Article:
Being Spiritual and Drifting From God

I’m reading a book by Eugene Peterson, whom I’ve grown to greatly appreciate:

 

“There are seething energies of spirituality in evidence everywhere. To begin with this is a good thing. But spirituality is also prone to imprecisions that clutter the playing field and make it difficult to carry on a conversation. Four are common: First, spirituality easily, almost inevitably, develops elitist postures as it notices that so many of the men and women that we rub shoulders with in our work and worship are so “unspiritual.” Then, in the enthusiasm of firsthand experience, spirituality imperceptibly wanders away from its basic spirituality text, the Bible, and embraces the inviting world of self-help. Now, exposed and vulnerable to a culture that is only too happy to supply the terms of discourse, spirituality is diluted or emptied of any gospel distinctiveness. Finally, in reaction to what is assumed to be “dead” theology, spirituality easily becomes theologically amnesiac and ends up isolated from any awareness of the grand and spacious God horizons, the truly vast landscapes in which we are invited to live out the Christian life.”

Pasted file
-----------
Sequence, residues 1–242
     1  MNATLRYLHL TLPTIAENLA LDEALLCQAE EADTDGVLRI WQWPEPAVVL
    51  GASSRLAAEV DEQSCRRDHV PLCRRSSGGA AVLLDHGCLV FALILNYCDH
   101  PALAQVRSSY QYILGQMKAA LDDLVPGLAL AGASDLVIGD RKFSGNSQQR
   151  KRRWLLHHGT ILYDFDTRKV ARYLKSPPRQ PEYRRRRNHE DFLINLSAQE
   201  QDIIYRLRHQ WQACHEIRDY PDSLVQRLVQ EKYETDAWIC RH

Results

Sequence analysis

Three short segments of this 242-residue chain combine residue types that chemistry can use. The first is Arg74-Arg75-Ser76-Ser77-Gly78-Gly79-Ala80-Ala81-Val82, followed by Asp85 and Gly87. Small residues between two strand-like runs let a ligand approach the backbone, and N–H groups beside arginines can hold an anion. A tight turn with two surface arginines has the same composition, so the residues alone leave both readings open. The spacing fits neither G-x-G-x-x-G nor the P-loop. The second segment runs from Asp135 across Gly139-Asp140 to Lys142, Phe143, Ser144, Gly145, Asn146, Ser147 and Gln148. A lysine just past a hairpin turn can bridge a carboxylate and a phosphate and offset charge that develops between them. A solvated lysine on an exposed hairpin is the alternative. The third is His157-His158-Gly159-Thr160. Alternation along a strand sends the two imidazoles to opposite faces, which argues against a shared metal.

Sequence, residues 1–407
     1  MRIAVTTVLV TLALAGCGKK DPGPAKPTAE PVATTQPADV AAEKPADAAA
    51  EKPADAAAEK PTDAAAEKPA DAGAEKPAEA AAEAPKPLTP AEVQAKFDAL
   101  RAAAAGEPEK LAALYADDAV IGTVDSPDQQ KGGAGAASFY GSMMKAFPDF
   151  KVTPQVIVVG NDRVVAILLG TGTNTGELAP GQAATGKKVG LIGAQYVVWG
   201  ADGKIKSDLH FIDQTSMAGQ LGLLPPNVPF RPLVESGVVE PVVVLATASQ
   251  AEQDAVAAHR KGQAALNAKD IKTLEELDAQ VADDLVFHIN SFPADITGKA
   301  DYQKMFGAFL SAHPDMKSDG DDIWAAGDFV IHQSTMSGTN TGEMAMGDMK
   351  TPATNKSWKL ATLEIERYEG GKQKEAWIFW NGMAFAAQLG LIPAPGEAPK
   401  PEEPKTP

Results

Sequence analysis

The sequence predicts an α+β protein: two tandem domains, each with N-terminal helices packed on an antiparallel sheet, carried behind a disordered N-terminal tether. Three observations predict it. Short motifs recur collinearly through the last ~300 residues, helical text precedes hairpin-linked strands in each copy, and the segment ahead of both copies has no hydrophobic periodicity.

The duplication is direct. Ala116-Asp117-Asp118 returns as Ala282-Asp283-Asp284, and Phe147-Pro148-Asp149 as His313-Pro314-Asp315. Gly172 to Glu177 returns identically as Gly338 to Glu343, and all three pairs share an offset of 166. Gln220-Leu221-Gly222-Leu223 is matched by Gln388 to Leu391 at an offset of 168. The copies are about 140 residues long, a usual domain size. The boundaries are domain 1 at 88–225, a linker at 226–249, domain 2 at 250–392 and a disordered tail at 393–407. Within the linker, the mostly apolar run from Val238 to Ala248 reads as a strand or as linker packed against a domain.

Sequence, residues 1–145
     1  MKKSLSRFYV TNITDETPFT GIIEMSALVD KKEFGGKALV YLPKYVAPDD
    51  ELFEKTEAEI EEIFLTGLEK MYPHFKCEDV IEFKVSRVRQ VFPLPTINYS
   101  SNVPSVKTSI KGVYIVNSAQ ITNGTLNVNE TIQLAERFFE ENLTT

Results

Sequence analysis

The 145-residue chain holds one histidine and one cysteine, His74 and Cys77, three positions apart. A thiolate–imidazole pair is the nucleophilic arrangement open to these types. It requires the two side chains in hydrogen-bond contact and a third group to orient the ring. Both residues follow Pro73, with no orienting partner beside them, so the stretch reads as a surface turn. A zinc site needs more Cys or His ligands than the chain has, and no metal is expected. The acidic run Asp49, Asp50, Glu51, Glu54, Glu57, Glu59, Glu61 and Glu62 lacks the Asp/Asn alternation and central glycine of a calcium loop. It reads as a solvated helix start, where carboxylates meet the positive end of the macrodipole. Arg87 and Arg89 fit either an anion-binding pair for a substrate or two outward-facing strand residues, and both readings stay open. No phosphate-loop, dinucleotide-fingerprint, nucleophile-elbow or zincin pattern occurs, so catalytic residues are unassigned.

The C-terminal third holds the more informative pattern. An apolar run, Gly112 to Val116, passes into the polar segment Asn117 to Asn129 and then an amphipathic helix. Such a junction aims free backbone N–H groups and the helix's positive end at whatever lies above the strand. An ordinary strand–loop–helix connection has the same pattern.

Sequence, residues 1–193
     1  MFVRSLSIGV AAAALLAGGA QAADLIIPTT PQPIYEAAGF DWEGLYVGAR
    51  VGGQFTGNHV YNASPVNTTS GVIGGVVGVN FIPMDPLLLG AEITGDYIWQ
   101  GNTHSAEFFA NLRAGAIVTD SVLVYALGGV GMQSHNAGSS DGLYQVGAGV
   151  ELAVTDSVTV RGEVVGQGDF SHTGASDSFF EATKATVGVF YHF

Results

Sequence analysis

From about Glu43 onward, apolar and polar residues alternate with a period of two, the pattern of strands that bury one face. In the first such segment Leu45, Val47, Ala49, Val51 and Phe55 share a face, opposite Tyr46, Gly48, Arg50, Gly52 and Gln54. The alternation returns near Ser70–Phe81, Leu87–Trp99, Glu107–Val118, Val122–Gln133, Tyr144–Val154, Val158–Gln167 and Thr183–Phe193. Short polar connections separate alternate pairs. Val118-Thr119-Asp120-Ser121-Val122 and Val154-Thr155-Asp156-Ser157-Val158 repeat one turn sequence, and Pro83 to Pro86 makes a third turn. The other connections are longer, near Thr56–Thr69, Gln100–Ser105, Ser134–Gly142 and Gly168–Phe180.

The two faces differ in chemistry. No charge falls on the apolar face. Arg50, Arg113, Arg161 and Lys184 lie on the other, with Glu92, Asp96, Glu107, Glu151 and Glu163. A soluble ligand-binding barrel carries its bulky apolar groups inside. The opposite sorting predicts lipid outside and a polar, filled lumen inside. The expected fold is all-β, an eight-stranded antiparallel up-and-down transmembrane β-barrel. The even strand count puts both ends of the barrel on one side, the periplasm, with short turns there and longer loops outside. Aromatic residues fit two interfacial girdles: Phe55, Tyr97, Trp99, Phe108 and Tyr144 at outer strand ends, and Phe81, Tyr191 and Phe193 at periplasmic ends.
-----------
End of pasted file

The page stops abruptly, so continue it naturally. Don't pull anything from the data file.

– Peterson, Eugene H.. Christ Plays in Ten Thousand Places: A Conversation in Spiritual Theology (p. 13)

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